You might greatly improve your quality of life by applying basic economic principles to key choices you make: where to spend your time, what goals to pursue, and how to measure your success.
By understanding how supply and demand (or more simply, competition) applies to much of your life, you can compete more effectively. You do this by focusing on areas where you have a competitive advantage, which comes from more than your efforts and abilities. It also comes from where you apply your efforts and abilities.
To begin, let's consider a few basic economic principles. We see lots of evidence in the news and public debate that many people don't appreciate these simple rules:
- When demand for goods and services remains constant but supplies are scarce, the prices for those goods and services increases.
- When supplies for goods and services remain steady but demand increases, the prices for those goods and services increases.
- And when demand is high and supplies are short, prices can increase dramatically.
All this is another way of saying that competition for limited resources is real and has an impact on what things cost. When we look at changes in supply and demand, we're effectively measuring how stiff the competition is for the underlying goods and services. The more people who are trying to buy a car, book a flight, or fill their tanks with gas, the more that competition for limited resources will result in prices going up.
The basic rules of competition apply in many areas of life beyond buying goods and services. When there is massive demand but only limited supply, competition will be fierce. This explains why it is hard to get into the top schools, join certain professions, or get jobs in fast-growing companies. This basic rule explains why some salaries are much higher than others, why it's so hard getting elected to political office, and why very few individuals become models, movie stars, or best-selling authors.
Most of us spend all our time focused on the same things as everyone else: money, power, fame, possessions. We have been dazzled by the supposed prizes on offer and are blinded to the opportunity costs and likelihood of achieving them. Economics offers another way of running the equation to achieve success: look to places where competition is much scarcer (i.e. demand is lower), but where the rewards are still great.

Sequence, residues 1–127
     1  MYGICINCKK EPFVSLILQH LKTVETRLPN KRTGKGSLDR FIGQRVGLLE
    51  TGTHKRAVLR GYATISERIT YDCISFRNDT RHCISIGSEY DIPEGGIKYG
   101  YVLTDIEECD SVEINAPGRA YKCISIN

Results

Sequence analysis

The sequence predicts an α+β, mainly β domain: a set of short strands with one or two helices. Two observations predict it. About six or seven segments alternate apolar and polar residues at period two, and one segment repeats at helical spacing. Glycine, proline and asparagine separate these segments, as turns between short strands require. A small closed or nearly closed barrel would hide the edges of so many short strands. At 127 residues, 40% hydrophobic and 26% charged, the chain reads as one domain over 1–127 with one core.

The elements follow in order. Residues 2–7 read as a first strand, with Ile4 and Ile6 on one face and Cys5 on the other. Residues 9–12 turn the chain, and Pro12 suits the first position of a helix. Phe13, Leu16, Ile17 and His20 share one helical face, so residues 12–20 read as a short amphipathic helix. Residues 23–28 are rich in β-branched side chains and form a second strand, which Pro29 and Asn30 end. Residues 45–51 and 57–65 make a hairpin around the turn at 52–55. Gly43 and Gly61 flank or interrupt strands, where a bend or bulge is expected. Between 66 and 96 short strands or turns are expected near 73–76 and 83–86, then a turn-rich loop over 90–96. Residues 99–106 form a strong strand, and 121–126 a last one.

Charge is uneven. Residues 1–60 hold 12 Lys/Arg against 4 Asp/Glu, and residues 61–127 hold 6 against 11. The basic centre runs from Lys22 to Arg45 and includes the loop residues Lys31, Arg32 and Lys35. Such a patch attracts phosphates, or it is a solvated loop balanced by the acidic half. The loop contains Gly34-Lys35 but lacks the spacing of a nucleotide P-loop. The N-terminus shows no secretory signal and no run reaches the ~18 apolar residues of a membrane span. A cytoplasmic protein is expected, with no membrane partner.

At its heart, Stoicism offers such a refuge: little competition for great rewards. These rewards are not the same as others chase. You will not hear a Stoic telling you to pursue a big bank account and a corner office, although these things may come. Instead, set your sights on attaining wisdom and you will be amazed at how wide open the field is. You do not need to compete for scarce resources, because few others are looking for the same goal.
Not only that, but competition on the path to wisdom does not make your task harder. The more people seeking wisdom, the more you can support and benefit each other. Wisdom is one of the few areas in life where greater demand creates greater supply. (A related area I know of is lawyers, where supply seems to create demand. That is, greater numbers of lawyers typically create more legal issues.)
Best of all, the reward for seeking wisdom is a well-ordered mind following reason. Specifically, with wisdom you will be satisfied and happy without regard to any of the scarce prizes your colleagues run after. Realizing you do not need money, or job titles, or possessions to be happy is incredibly liberating. The question to ask is do you want to be successful as it is traditionally understood, or do you want to be happy? The difference lies in whether you seek to attain wisdom.
The Moral Letters this week nicely illustrate today's lesson. In Moral Letter 115 On False Fronts, we talk about looking beneath the surface of things. When we take things at face value unquestioningly, we accept other people's ideas about what is valuable and important. But when we consider how often the conventional approach leads to dissatisfaction and dismay, we should be encouraged to think again.
The Stoic approach of looking past the surface to the substance of things only appears hard, well, on the surface. Peace of mind awaits the person who is comfortable thinking for themselves about what things are really worth. The cost lies in caring less about what others think.
In Moral Letter 116 On Slippery Slopes, we look to a related economic principle: do things we enjoy in limited doses remain good for us when we consume them in ever greater quantities? Or if you like, when supply becomes greater than demand, what happens to the value of the item?
For most physical things that give us pleasure, there is a risk that our indulgences turn into vices. Then, what once made our lives better starts to make it worse. In this letter we discuss knowing how to deal with limits, and what sorts of pleasures we can safely indulge in and how.
If we pursue what everyone pursues, we can expect the regular laws of supply and demand to apply to our efforts. Look around you to see how satisfied your colleagues are before you sign up to the same game.
Instead, here is a tip I am happy to share freely: when we pursue wisdom at our own deliberate pace, we might find that the things we need to be happy are already in our possession.
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